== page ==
Hard or soft; divisive or united; Brexit is coming – or is it? – but British businesses seem to be ok with the prospect, according to research carried out by Santander.
The Spanish headquartered bank that has significant interests in the UK regularly keeps tabs on the state of British SMEs via its “Trade Barometer”; a research report based on interviews with thousands of business owners who have one thing in common; they possess the “size, scale or ambition to trade internationally or expand beyond the domestic market.”
In the latest update to the report, covering the start of the summer months, Santander says that more than 73% of businesses questioned expect to grow in the next three years – up from a figure of 65% for the previous quarter – and that the most optimistic businesses of all were those that plan to enter overseas markets.
This optimism is in part due, the report says, to a combination of firms ability to find new clients to trade with (51% mentioned this) and an expectation that the economy was improving (40% referred to this).
Inevitably, businesses are wary of the threat Brexit poses: 43% of businesses listed Brexit as a “future risk”, whilst 43% were also concerned about an economic slowdown, and just over 35% saw currency fluctuation as an issue. Yet, despite the chaos, it seems firms are responding proactively to the challenges they may face. Nearly one third of respondents indicated they would look to set up an overseas bank account (up from just over 25% in the last quarter), whilst 28% expect to freeze headcount, or reduce it.
Freezing headcount reflects fears that firms dealing internationally have about geo-political factors affecting their ability to trade successfully: 77% of firms felt these threats could restrict their ability to hire new staff, while 76% say they could hinder expansion into foreign markets.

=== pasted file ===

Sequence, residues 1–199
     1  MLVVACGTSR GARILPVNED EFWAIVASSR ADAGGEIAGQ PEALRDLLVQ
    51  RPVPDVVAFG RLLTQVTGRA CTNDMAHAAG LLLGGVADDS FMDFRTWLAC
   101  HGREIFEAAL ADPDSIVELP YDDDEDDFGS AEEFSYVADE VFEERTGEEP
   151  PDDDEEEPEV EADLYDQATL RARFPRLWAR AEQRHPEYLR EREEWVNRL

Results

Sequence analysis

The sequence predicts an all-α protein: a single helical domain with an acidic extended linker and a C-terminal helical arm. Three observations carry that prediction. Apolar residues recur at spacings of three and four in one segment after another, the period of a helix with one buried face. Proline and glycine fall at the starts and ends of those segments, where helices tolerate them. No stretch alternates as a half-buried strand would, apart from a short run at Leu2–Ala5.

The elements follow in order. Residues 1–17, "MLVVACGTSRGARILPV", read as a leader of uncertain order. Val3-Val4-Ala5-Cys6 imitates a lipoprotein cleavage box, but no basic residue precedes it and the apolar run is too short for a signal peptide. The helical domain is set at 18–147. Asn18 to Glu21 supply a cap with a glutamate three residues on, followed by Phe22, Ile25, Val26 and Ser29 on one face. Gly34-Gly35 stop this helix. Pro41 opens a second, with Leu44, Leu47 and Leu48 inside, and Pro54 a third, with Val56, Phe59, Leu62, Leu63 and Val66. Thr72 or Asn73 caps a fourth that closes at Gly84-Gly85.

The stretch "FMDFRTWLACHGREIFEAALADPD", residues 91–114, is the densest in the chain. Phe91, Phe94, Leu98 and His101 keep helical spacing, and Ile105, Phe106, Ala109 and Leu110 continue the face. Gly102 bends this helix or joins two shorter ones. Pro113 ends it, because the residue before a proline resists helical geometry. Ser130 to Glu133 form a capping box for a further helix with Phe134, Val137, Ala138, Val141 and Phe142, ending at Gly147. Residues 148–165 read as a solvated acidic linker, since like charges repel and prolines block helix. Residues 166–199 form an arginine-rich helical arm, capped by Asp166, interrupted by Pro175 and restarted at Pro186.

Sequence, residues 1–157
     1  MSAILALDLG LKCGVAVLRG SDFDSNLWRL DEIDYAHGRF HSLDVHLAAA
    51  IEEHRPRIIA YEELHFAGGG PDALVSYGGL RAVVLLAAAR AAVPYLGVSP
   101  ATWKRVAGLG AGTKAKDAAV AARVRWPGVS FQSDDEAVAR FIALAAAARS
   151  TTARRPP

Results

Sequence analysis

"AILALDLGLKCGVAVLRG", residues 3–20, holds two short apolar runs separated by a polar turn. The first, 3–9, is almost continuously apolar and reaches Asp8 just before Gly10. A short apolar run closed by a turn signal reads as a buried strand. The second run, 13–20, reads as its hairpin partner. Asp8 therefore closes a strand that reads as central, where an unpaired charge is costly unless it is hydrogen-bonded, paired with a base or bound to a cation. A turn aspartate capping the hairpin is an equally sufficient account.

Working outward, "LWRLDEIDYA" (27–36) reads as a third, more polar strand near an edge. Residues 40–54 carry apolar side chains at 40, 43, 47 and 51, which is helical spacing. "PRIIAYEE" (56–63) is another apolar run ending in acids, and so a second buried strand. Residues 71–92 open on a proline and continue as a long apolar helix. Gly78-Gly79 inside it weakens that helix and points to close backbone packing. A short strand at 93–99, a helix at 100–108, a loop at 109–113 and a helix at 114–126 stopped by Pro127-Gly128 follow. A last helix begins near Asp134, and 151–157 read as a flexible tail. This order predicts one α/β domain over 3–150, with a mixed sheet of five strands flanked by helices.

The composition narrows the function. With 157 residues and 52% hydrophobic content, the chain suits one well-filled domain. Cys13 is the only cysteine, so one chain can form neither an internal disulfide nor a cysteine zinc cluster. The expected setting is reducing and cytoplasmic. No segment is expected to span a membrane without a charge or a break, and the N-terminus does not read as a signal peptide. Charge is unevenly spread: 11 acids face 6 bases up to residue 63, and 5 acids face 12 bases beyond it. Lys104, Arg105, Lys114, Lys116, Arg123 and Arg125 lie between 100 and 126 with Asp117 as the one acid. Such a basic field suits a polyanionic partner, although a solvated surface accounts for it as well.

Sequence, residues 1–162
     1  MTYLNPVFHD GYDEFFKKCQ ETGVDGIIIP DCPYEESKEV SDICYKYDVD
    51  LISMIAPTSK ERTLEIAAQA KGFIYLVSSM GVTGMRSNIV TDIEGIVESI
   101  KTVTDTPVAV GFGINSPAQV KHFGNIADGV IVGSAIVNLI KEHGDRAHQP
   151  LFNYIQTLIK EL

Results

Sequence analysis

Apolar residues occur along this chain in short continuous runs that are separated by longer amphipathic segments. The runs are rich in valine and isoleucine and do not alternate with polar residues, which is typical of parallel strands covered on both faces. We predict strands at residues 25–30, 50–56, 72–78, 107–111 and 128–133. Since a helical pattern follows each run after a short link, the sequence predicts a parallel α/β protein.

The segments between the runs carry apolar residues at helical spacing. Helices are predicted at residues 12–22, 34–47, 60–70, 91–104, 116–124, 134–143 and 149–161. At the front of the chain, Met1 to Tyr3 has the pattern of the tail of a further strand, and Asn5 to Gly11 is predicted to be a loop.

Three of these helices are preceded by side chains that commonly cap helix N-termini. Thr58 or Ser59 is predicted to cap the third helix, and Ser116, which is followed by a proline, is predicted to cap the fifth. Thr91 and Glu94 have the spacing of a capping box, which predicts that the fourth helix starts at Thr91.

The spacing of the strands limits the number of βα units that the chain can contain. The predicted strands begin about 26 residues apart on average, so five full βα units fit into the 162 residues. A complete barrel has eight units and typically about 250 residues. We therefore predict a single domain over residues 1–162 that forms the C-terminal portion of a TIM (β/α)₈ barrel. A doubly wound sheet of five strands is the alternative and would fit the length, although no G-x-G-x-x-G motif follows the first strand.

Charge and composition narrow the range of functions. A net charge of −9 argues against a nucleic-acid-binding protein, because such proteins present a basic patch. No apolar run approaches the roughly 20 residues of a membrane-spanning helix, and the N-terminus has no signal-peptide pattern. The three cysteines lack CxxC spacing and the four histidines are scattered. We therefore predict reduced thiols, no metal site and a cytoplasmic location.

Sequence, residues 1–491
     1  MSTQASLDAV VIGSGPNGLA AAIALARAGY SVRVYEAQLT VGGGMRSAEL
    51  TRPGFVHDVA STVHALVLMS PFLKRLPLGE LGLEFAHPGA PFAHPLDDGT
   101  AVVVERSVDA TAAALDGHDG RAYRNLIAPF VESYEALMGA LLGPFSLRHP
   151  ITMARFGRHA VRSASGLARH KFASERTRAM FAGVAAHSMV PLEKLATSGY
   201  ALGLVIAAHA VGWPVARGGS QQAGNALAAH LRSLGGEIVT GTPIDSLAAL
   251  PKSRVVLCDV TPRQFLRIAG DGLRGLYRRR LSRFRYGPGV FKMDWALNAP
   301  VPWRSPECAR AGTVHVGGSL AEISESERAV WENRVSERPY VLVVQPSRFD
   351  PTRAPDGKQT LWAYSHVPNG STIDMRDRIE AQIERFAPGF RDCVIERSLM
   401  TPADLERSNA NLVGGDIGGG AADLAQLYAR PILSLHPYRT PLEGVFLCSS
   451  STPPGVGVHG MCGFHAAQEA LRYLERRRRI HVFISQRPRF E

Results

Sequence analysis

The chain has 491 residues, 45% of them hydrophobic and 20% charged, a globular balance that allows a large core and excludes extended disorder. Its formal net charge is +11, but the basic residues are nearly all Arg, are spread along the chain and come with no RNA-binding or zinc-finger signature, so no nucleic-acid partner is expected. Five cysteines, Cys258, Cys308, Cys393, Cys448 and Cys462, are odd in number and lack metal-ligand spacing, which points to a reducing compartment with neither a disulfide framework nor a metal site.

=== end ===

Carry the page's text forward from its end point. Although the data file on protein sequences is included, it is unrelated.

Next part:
According to Santander’s data, however, companies that want to trade internationally are more ambitious than any other types of businesses. 90% plan to make new hires, whilst 61% of businesses reported improvements over the past year.
85% of businesses that aspire to do business overseas were confident or very confident of growth, and 85% planned to invest in product development. Santander points out that there are caveats for any businesses planning to do business overseas, suggesting perhaps that businesses can be overconfident about their prospects.
Confidence and enthusiasm have an important part to play in the success of any business, domestic or foreign, but perhaps what’s most important about the data is that it shows that firms are taking the threat of Brexit seriously, and trying to understand the opportunities that a new trading environment will present.
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